Here’s a list of six players Omar should consider moving who could bring back some building blocks without necessarily ending the team’s chances to win a wild-card this season.

1. Oliver Perez: I admit this is going to be a tough road to hoe. Who really wants a guy who gives head cases a bad name? Well, I would trade our problem child in Perez for the Cubs’ drama king Carlos Zambrano in a heartbeat. The Cubs want to unload the hot head and his hefty contract and they’d get salary relief even if they took back Perez’s contract. Zambrano still has upside if he gets a change of scenery and could help next year, if not this one.

2. Luis Castillo: I admit I’m not up on which contenders need a second baseman right now, but if there is one out there, I’d send them Luis for a prospect and eat some of his money in the process. Classic addition by subtraction.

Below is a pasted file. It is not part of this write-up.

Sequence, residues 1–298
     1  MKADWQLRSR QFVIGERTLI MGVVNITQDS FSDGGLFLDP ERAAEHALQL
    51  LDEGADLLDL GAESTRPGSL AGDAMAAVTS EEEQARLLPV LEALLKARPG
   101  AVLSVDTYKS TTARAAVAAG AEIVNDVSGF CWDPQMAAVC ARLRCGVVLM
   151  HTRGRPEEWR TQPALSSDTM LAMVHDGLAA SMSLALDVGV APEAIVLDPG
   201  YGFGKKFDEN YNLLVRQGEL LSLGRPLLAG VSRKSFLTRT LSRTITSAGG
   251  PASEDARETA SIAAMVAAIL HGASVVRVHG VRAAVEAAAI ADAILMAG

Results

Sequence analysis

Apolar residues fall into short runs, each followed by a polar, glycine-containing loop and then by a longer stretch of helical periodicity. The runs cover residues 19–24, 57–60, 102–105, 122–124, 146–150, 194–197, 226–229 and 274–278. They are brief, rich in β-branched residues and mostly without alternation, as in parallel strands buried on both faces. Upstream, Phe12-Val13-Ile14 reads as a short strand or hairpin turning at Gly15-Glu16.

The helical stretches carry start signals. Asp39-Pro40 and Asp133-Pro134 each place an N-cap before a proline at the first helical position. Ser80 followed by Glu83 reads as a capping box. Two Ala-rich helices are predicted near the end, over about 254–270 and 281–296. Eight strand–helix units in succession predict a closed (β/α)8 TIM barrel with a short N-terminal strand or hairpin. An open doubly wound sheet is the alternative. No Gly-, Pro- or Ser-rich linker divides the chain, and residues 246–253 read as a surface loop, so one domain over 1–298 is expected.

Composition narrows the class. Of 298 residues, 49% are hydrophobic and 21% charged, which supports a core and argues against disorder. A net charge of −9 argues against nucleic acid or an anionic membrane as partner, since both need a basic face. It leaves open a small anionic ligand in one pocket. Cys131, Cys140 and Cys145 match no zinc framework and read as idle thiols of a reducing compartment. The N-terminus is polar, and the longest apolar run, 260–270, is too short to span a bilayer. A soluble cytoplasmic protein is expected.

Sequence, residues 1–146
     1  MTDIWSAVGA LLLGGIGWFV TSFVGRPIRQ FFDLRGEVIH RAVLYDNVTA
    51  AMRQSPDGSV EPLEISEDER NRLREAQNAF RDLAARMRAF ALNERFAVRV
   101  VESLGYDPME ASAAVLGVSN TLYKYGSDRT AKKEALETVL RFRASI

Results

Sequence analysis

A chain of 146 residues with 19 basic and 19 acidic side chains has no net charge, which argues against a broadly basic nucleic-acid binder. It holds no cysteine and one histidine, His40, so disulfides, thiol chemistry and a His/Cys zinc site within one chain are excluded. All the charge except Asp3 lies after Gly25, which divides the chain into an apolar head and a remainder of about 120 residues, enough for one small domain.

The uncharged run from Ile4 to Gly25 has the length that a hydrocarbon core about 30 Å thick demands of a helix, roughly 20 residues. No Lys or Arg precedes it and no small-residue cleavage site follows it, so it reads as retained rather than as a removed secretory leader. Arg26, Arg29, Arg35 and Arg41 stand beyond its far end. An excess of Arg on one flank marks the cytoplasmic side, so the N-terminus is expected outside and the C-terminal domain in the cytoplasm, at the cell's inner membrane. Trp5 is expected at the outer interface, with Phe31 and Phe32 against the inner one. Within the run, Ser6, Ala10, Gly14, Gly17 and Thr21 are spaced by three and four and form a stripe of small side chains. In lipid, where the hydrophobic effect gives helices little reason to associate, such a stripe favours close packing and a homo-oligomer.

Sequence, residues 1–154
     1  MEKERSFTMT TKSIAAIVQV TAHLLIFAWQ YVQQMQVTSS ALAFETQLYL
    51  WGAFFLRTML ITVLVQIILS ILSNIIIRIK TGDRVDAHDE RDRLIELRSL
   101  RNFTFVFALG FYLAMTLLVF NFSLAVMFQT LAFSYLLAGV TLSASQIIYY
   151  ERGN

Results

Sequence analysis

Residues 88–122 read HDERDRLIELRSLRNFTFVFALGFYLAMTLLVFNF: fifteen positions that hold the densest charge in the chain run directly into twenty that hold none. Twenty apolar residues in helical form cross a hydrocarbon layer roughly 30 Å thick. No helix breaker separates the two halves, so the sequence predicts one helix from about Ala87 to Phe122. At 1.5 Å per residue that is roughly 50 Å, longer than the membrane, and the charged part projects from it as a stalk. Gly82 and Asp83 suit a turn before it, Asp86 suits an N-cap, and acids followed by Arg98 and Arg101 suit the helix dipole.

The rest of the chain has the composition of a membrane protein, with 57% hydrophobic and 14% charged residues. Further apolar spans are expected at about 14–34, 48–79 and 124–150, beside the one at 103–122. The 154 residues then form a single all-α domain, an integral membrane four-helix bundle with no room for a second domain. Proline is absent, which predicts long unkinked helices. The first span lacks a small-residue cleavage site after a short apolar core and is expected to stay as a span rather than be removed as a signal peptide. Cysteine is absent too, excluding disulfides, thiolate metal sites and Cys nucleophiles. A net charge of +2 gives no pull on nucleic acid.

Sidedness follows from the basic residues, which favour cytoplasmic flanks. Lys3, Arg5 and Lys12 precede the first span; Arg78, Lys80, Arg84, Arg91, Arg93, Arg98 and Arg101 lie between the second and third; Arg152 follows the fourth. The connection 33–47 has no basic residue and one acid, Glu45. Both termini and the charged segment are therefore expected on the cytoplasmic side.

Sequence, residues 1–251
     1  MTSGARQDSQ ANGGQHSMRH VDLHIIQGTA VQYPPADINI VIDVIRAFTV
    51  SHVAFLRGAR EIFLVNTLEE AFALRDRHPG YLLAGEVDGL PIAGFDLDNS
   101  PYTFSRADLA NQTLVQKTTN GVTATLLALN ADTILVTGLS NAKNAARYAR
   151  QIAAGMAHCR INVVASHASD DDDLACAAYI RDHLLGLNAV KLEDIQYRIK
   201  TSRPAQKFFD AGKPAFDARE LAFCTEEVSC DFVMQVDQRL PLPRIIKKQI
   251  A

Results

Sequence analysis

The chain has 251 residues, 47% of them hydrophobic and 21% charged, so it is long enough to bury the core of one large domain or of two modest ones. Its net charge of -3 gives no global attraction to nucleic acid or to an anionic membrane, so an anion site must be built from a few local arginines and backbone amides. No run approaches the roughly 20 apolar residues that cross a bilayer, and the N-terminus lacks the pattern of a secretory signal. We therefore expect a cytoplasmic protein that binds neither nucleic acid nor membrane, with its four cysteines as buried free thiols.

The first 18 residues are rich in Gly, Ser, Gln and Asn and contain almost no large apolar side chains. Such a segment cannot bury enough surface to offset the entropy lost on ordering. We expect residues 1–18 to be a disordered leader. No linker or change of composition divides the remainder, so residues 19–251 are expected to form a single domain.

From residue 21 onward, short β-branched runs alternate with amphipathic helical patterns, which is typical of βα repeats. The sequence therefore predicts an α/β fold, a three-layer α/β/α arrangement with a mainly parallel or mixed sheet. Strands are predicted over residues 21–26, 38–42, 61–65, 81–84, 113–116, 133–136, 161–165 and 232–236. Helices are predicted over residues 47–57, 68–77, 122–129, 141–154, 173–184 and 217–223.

3. Rod Barajas: His early season slugging helped the team get taken seriously in the race and he’s great in the clubhouse (although I think his backstopping prowess is overrated), but he’s completely collapsed offensively (he had plenty of holes to begin with) and at his age there is no future for him on this team. Did anyone ever think he was anything more than a stop-gap to begin with? The Mets have been floundering in the catching department since Piazza was done and the time has come to either develop Josh Thole or trade for a young catcher to build around. Thole and Blanco are more than adequate to get the job done for the rest of this year.

4. John Maine: I don’t know what we can get for him at this point, especially since he won’t be able to establish that he’s overcome his problems by the deadline. But given his mound demeanor, lack of command and poor secondary pitches, I’d get him out of here for a bag of balls.